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>> caller: we keep you off that bicurious airline. >> stephanie: transvaginal bicurious airline. >> what airline did you fly with? >> caller: i was with united. >> my wife was with pan am. >> caller: that was a great airline. >> stephanie: i'm always nice to flight attendants. i hit that when i see people being douches to flight attendants. if there is an emergency you're suddenly going to get nice, aren't you? >> caller: that's when they stop calling you waitresses. >> stephanie: they stop calling you space waitress. >> caller: or waitress, can i have another drink here. >> oh! >> caller: then i administer to somebody having a heart attack. >> talk to your cardiologist. oh nurse! say what? i went to medical school. >> stephanie: see how that's going to end for you. lou in maryland, you're on "the stephanie miller show." hello, lou. >> caller: hello, stephanie. by the way, they have your
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birthday wrong on your web site. 1961 is not your birthday. i know that. you're much too pretty and much too young. >> well, parts of her. >> lou good lord! >> stephanie: thank you. >> caller: it is easy to hit on you when you're 3,000 miles away. >> stephanie: how safe is that. [ ♪ magic wand ♪ ] >> caller: on the crash in san francisco, i was an army pilot and had an instrument rating and there are several things that these guys either didn't know or nobody caught them. or nobody doubt them. they said the instrument landing system was out which i don't believe. >> stephanie: you don't believe it? why? >> caller: they should have closed down -- well, should have closed down the runway. but given they didn't even need it. to the right and left of each runway, there are two lights -- two pairs of lights. that help you on the glide path.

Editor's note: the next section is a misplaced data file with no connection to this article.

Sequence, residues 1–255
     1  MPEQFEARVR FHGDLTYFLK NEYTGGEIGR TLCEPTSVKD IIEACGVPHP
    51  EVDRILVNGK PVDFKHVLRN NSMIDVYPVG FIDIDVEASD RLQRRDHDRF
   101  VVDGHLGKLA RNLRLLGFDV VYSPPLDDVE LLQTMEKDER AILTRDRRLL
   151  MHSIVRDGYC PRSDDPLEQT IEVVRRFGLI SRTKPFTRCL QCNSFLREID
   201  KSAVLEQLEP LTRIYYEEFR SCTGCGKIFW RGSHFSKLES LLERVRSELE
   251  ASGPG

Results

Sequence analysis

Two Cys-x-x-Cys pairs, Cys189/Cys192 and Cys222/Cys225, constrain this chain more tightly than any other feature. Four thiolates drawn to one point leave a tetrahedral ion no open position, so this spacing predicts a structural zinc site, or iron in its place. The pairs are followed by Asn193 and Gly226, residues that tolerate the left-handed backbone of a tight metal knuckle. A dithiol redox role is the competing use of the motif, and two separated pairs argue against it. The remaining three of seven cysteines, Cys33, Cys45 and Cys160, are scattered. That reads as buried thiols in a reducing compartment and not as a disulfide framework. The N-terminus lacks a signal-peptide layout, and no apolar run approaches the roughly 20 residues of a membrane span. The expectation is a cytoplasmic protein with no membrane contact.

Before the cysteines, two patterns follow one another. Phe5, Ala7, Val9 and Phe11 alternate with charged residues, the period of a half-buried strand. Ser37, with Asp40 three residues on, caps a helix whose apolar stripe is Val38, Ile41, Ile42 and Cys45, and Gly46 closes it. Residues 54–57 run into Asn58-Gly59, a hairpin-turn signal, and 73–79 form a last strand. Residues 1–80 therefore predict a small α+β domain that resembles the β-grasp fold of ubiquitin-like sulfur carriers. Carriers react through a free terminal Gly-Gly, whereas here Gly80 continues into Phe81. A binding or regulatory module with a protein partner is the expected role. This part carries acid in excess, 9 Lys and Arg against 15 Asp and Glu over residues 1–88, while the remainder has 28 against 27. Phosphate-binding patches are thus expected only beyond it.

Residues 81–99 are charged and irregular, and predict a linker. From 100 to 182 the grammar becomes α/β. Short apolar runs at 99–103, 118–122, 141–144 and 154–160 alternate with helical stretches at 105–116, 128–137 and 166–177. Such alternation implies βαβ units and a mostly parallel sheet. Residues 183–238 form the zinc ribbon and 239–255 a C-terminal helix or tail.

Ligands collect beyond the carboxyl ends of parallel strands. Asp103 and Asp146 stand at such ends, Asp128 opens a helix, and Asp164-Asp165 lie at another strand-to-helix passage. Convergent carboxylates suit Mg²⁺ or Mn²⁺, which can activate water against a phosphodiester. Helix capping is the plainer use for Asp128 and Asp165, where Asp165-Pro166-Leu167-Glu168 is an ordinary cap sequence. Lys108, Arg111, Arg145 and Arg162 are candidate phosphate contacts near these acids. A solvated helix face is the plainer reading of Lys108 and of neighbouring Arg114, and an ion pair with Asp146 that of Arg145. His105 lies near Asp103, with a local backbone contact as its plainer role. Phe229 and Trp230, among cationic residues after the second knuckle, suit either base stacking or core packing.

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if you're on the glide path, they both are showing green. if you're below the glide path, the lower one is red. the upper one is green. and if you're above, it is the opposite. red over green. secondly, we were taught to look at the numbers on the runway. ie you're supposed to land on the numbers what they always say. if the numbers appear to be going away from you you're too low. if you're coming toward you you're too high. they didn't -- then they had -- >> stephanie: you mentioned instrument rating. don't you remember all of this conversation back with poor jfk jr. remember, they talked about -- i think the thing is he was not instrument rated so if you're flying at night you need the visual, right? >> not necessarily. >> dusk. >> caller: he basically did not believe his instruments. either that or somehow he got